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I've made my UDP server and client with boost::asio udp sockets. Everything looked good before I started sending more datagrams. They come correctly from client to server. But, they are united in my buffer into one message.

I use

udp::socket::async_receive with std::array<char, 1 << 18 > buffer

for making async request. And receive data through callback

void on_receive(const error_code& code, size_t bytes_transferred)

If I send data too often (every 10 milliseconds) I receive several datagrams simultaneously into my buffer with callback above. The question is - how to separate them? Note: my UDP datagrams have variable length. I don't want to use addition header with size, cause it'll make my code useless for third-party datagrams.

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Could you show your code? –  Nikolai N Fetissov Jul 20 '12 at 18:32
Use a user-provided callback function in your on_receive message, that processes all the included messages in the single received packet. –  Chad Jul 23 '12 at 14:45
Sure, it could be found here: udp2tcp_tunnel. It's in progress - yet a little ping-pong server (sending by TCP from client, receiving the same test message back from server by UDP). It seems to me I found the problem. If I send several buffers in buffer sequence by 'basic_datagram_socket::async_send_to(buffer_sequence, handler)', it'll come as one datagram (not one datagram for each buffer). –  valery_l Jul 23 '12 at 14:57
Have you tried buf_.clear() after you receive each datagram? –  Nikolai N Fetissov Jul 23 '12 at 15:08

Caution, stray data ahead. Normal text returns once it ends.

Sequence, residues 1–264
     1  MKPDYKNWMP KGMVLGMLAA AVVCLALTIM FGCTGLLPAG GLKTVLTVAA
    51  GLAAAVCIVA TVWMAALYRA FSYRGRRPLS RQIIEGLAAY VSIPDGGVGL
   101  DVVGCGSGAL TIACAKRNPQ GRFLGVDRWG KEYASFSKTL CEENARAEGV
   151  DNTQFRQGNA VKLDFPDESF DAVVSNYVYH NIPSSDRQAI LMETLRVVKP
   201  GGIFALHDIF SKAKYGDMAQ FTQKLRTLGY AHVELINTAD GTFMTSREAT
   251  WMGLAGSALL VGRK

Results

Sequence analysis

@Nikolai, no. But suppose, it's not a solution, cause I've got 'bytes_transferred' in my receive handler equal to the size of several datagrams together. I've solved the problem by sending only one buffer by 'basic_datagram_socket::async_send_to' at once, while still sending several buffers by 'async_write' for TCP socket. Maybe there is any better solution? –  valery_l Jul 23 '12 at 15:29

1 Answer 1

I believe this is a limitation in the way boost::asio handles stateless data streams. I noticed exactly the same behavior when using boost::asio for a serial interface. When I was sending packets with relatively large gaps between them I was receiving each one in a separate callback. As the packet size grew and the gap between the packets therefore decreased, it reached a stage when it would execute the callback only when the buffer was full, not after receipt of a single packet.

If you know exactly the size of the expected datagrams, then your solution of limiting the input buffer size is a perfectly sensible one, as you know a-priori exactly how large the buffer needs to be.

If your congestion is coming from having multiple different packet types being transmitted, so you can't pre-allocate the correct size buffer, then you could potentially create different sockets on different ports for each type of transaction. It's a little more "hacky" but given the virtually unlimited nature of ephemeral port availability, as long as you're not using 20,000 different packet types that would probably help you out as-well.

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